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On Saturday last, as reported at column 658 of Hansard, the Leader of the House rose on a point of order to announce the Government’s intention to bring forward a motion today under Section 13(1)(b) of the European Union (Withdrawal) Act 2018. Unfortunately, the point of order did not prove to be a prelude to an emergency business statement on which colleagues could question, probe and scrutinise the Leader of the House.
Rather, for approximately an hour, 30 points of order were raised with me by no fewer than 24 colleagues expressing disquiet and consternation that the Government intended to require the House to consider again on Monday the same matter which it had decided 48 hours earlier, on the immediately preceding sitting day. It was my privilege to listen and respond to the views of colleagues. I then undertook to reflect further on what Members had said and to give a ruling this afternoon, which I shall now do.
There are two issues, one of substance and the other of circumstances, to consider, and I shall address each in turn.
First, I have to judge whether the motion tabled under section 13(1)(b) of the 2018 Act for debate today is the same in substance as that which was decided on Saturday. Page 397 of “Erskine May” is clear that such a motion
“may not be brought forward again during that same session.”
It is equally clear that adjudication of cases is a matter for the Chair.
I invoked “Erskine May” and ruled on this issue as recently as
“this House has considered the matter but withholds approval unless and until implementing legislation is passed.”
The second matter for me to consider was whether there had been any change of circumstances that would justify asking the House to reconsider on Monday what it had decided on Saturday. On the face of it, unless an event or development external to the House had interceded, it is hard to see a significant change of circumstances that would warrant a reconsideration on the next sitting day—in this case, a reconsideration pre-announced by the Leader of the House just under 21 minutes after the result of the Division was announced. However, the Government might argue—though, to date, they have not put forward any argument or explanation at all—that the change of circumstances is the Prime Minister’s application on Saturday night for an extension of article 50. This is not persuasive. The application is part of a process, rather than a significant event in itself.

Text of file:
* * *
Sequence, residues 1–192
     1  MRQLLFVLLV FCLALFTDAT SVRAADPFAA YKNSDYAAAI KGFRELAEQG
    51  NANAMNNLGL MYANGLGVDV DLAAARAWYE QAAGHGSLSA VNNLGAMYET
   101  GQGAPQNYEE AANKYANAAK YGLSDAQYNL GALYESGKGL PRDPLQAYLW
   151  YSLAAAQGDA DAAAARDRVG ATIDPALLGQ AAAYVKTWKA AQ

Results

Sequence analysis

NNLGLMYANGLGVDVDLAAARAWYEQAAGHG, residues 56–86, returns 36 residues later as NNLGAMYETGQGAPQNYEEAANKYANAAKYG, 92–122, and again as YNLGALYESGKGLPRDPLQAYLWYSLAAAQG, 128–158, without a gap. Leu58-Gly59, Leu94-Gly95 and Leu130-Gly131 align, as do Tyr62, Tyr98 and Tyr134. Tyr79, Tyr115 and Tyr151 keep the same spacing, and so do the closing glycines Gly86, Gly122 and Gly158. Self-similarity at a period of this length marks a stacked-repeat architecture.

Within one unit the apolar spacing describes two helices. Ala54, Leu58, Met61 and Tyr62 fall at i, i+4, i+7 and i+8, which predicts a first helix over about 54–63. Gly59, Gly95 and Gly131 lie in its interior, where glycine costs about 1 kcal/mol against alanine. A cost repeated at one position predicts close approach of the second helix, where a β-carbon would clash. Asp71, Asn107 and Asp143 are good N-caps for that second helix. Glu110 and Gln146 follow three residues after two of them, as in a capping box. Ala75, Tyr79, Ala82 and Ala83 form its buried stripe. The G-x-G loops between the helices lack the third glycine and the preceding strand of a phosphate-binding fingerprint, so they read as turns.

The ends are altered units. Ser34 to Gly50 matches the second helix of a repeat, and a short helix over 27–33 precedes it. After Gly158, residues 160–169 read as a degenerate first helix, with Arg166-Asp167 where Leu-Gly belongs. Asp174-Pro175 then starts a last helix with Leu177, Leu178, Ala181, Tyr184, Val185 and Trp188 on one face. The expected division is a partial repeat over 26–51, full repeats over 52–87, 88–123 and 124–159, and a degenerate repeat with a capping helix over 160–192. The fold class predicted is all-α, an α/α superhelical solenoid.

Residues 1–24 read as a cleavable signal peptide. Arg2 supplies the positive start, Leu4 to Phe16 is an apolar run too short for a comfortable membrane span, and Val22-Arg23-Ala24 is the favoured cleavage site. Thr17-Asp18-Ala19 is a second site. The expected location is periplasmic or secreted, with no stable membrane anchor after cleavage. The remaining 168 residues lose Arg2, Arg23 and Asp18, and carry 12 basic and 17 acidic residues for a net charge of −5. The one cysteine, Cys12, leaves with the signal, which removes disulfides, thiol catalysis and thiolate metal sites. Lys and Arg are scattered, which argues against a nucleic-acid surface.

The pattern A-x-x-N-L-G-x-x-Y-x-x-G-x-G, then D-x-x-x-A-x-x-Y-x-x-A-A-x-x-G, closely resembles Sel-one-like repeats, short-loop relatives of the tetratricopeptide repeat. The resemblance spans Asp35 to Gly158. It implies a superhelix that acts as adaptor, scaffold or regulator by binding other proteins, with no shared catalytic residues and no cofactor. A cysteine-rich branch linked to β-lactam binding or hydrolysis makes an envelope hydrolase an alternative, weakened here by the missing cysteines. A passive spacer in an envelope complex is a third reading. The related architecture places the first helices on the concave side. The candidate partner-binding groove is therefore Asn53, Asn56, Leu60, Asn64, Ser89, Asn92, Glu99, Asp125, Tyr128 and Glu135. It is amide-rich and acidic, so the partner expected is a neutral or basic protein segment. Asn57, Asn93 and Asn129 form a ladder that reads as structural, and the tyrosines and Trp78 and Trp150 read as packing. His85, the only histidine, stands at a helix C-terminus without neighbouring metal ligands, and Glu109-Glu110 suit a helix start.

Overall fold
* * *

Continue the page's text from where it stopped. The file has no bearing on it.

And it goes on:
In summary, today’s motion is—[Interruption.] I am extraordinarily grateful to James Cartlidge. If he would bear stoically and with fortitude, I shall complete my statement. In summary, today’s motion is in substance the same as Saturday’s motion, and the House has decided the matter. Today’s circumstances are in substance the same as Saturday’s circumstances. My ruling is therefore that the motion will not be debated today, as it would be repetitive and disorderly to do so. For the benefit of colleagues not closely familiar with the so-called “same Question” convention, which is very strong and dates back to 1604, I will summarise the rationale for it in a sentence: it is a necessary rule to ensure the sensible use of the House’s time and proper respect for the decisions that it takes.
If it is not legitimate for the motion to be taken today, what is it legitimate for the Government to do? The answer is that, as the Prime Minister signalled in his point of order on Saturday, as reported at column 653 of Hansard, and in his letter to Members that evening, the Government can introduce their EU withdrawal and implementation Bill. Indeed, they have done just that, presenting the Bill for its First Reading today. I have no doubt that the Leader of the House will offer further details of the intended timetable for the Bill when he makes a business statement later today. Meanwhile, I hope that this ruling and explanation are helpful to the House.